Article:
The tables below offer an insight into the official version of events and the truthful version. The range of years encompassed has necessitated 2 tables, A and B. Some figures have been omitted, e.g. from 1975 to 1984 because they cannot be corroborated or are found to deviate where there are two sources, e.g. the UN versus the Home Office.
Both Table A and Table B. show how many allegations of rape actually come to trial and how many offenders are subsequently found guilty. This is the true conviction rate.
Transformed into a graph the conviction rate (for 1985 to 1997) begins with a very high figure of more than 400 convictions in less than 600 cases. Although the gap has widened by 1997, the two lines nevertheless shadow one another.
This is not the version distributed by the Home Office, to the media and thence to the public Instead, a more unbalanced picture is portrayed – one where unsubstantiated claims of rape are reported as fact and then compared with factual cases that have enough evidence to enable them to come to trial. This gives rise to what can be termed the “Credibility Gap” (see graph below). The upper trend line shows the ever increasing number of reported rapes.
Since 1997 the ‘credibility gap’ has continued to increase year by year to the present day. There are many reasons for the continued rise in the number of claims of rape but few can be related to the way trials are conducted.
Since the 1980s certain of the standard defence options normally available to a person deemed innocent until proven guilty are no longer available in rape cases. The requirement of corroborating evidence, so essential in ordinary criminal cases has been waived for rape cases and is no longer available to the defendant.
Ruth Alexander made the point that reported rapes have not doubled in the last 20 years, as one might suppose as being a reasonable trend, but have increased some 700 per cent. This rate of increase is perhaps the world’s fastest. No other advanced industrialised country appears able to match this rate of increase so it is no wonder, if we accept that all rape claims made to the police are genuine, that our conviction rate is so low. The graph below shows the rise in rape allegations made to the Metropolitan Police.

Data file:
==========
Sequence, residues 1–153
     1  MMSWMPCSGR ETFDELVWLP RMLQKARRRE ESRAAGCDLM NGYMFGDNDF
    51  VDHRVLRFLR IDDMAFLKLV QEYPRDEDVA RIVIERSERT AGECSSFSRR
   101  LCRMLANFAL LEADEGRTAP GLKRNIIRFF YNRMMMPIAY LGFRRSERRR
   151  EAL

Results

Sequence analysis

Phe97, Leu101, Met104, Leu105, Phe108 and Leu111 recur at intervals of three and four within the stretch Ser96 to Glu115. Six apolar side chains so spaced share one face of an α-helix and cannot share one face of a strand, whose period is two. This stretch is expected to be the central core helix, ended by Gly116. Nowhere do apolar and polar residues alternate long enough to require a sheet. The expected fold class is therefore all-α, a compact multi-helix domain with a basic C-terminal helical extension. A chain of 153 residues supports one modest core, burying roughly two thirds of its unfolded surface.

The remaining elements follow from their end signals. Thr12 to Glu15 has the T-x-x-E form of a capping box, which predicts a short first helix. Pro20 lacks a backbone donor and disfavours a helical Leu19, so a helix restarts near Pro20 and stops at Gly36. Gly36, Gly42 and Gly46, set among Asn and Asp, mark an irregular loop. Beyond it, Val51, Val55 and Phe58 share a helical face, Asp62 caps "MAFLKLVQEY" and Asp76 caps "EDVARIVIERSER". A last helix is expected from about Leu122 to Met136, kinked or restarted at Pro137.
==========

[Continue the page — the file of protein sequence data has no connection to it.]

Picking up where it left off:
This must leave a question mark over whether the figures for reported rapes can be relied upon. From New Zealand to Canada to Holland the trend lines for rape are more or less horizontal (ie steady) and vary little from one year to another.
By contrast, the Met Police figures for reported rape show a curve which is surely unsustainable. The experience of New Zealand, which at one point ceased paying compensation to rape victims, is instructive. After a corresponding fall in claims the re-introduction of compensation for rape was followed by a recovery in the number of reported rapes.
As if to acknowledge the discrepancy the Home Office Research Dept has published more than two papers on how this gap between rape claims and rape convictions arises. In essence, their paper, HORS 196, (2) lists over 50 per cent of reported rapes as being without credible evidence to take them to trial.
This is where the ‘attrition rate’ saga begins. Of the initial 483 cases reviewed 25 per cent were ‘no-crime’ and 31 per cent were listed as ‘no further action’ (NFA). Both categories signify a suspicion that the claimed crime did not occur, or did not occur in the way first explained, and requires that the claimant make a retraction before the police can categorise them as ‘no-crime’ or NFA.
(Robert Whiston has served on several Whitehall committees attached to the Home Office, the Lord Chancellor’s Department and the Ministry of Justice since 1999. He has written several briefing papers on the level of sexual offending and rape sentencing tariffs both in the UK and abroad.)
 “When Justice Collide with Science” by Robert Whiston, June 2000.
 See HORS 196, & HORS 293, page 28. http://www.homeoffice.gov.uk/rds/pdfs05/hors293.pdf